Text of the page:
China Childish over Nobel Peace Prize No Win Possible
China was enraged when the Norwegian Nobel Committee selected jailed pro-democracy activist Liu Xiaobo as this year’s Peace Prize winner. Now the People’s Republic has taken its revenge by effectively blocking the committee from handing out the prestigious award for the first time in 109 years.
According to Nobel rules, the $1.4 million prize can only be handed to the laureate or a close family member. Liu won’t be able to make next month’s ceremony in Oslo, Norway, as his calls for China to reform the one-party system earned him an 11-year prison sentence in December. His wife, Liu Xia, won’t be there either: Four days after Liu’s award was announced in October, she was placed under house arrest.
2010 Nobel Peace Prize laureate Liu Xiaobo is shown in 2005 in Guangzhou in southern China.
The campaigners’ three brothers are also unlikely to attend, as they’re being subjected to round-the-clock surveillance. The most well known of his brothers, Liu Xiaoxuan, said in late October that he would travel to the event. But this week he sent a text message to a journalist that read: “I am being monitored, cannot take interviews, can only keep silent.”
Nobel Committee head Geir Lundestad today told Agence France-Presse that a “magnificent and dignified ceremony before a full house” would still take place on Dec. 10. But he admitted that “if no one in [Liu’s] family can come, we will have to drop those two to three minutes … when the medal and diploma are usually handed over.”
The event will also lack the traditional acceptance speech given by the prizewinner or that person’s representative. Instead, said Lundestad, Norwegian actress “Liv Ullmann will read a speech [Liu] has written. Not a new text, but a beautiful text.”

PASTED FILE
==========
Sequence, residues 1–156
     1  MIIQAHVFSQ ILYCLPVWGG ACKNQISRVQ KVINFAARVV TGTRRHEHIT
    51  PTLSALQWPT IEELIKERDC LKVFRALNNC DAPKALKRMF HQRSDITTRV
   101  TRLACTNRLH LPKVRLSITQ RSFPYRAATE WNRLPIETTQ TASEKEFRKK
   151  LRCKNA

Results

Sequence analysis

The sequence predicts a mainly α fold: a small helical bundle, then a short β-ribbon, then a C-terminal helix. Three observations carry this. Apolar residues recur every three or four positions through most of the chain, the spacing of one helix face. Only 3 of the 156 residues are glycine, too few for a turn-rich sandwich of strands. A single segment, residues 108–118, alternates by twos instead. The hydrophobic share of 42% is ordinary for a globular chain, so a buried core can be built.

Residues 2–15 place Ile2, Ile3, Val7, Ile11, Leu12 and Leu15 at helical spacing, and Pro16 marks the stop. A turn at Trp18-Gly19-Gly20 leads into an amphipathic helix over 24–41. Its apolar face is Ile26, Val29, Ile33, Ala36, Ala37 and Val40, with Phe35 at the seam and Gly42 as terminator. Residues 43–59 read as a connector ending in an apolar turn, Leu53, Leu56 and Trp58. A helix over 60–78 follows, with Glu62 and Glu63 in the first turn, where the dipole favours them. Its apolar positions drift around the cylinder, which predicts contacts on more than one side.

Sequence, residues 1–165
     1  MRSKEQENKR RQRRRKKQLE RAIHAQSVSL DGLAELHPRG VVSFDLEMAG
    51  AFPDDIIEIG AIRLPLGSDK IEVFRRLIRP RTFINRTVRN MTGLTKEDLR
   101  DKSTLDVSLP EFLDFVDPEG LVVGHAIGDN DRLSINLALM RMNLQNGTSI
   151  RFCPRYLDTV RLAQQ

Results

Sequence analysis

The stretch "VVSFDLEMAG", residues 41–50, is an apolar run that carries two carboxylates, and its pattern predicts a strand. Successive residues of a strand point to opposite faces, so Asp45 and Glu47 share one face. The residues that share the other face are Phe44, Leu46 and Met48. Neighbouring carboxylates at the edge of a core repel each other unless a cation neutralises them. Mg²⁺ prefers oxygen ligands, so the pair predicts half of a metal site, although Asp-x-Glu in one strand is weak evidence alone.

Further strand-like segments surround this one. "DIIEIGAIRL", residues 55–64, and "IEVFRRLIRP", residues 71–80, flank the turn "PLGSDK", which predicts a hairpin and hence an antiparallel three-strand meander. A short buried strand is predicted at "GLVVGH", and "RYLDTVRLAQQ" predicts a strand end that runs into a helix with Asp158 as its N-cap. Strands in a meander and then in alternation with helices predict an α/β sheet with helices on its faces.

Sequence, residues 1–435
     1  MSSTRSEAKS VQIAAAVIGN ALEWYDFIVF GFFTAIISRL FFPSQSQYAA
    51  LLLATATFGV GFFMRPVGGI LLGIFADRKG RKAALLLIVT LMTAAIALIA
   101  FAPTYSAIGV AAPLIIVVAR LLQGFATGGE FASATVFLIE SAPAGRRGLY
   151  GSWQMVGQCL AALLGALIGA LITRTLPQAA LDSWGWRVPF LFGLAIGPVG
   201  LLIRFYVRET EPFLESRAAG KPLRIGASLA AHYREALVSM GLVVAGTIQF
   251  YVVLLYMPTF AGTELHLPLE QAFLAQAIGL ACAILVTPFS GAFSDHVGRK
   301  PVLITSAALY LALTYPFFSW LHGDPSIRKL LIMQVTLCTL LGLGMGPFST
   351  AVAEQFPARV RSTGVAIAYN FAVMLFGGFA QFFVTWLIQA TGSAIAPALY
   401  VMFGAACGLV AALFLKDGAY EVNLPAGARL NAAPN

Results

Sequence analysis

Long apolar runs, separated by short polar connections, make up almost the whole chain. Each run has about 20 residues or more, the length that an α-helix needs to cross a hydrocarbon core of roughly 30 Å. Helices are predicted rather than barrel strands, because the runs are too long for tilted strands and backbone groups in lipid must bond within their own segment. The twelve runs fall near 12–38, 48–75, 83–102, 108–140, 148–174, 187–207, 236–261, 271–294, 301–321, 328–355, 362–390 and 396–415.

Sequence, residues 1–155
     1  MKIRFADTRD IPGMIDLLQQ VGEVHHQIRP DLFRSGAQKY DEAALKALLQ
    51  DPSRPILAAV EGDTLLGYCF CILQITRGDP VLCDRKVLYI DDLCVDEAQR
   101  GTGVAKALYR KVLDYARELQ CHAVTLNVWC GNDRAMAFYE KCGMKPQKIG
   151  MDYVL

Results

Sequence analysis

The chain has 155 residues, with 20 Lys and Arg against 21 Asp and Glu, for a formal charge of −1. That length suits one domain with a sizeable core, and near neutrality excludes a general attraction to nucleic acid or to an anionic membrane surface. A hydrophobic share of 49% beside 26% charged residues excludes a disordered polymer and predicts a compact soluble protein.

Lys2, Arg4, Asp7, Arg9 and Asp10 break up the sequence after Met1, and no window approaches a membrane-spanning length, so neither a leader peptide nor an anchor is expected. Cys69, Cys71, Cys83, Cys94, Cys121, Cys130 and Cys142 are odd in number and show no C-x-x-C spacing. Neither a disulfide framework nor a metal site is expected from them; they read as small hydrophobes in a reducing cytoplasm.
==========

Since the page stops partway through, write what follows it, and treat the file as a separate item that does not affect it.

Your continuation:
The dissident’s family won’t be the only absentees at next month’s celebrations. Five nations — Russia, Kazakhstan, Cuba, Morocco and Iraq — turned down their Nobel invitations soon after China sent letters to foreign embassies in Norway warning of “consequences” if their diplomats attended the event. More countries, including Vietnam, the Philippines and Indonesia, are expected to join the boycott in the next few days.
Russian Embassy spokesman Vladimir Isupov told The Associated Press that it was pure coincidence the country’s ambassador would be away from Norway at the time of the ceremony. “It is not politically motivated, and we do not feel we are pressured by China,” he said. However, as China is now a major buyer of Russian oil and gas, it’s highly likely that the Kremlin decided not to risk this profitable relationship.
These events are unprecedented in the Nobel Institute’s 109-year history, as the Peace Prize winner, or a representative, has always been present in Oslo to collect the award. When Soviet physicist and human rights advocate Andrei Sakharov won the prize in 1975, his wife traveled to the Norwegian capital in his place as he was banned from leaving the USSR. Eight years later, Lech Walesa’s wife accepted the prize on behalf of the Polish union leader.
And in 1991 the two sons of Burmese opposition leader Aung San Suu Kyi — who was being held under house arrest at the time — collected her award. Following Suu Kyi’s release last week, she was immediately invited to give her belated acceptance speech in Oslo, but Lundestad told AFP this is unlikely to happen for at least another year.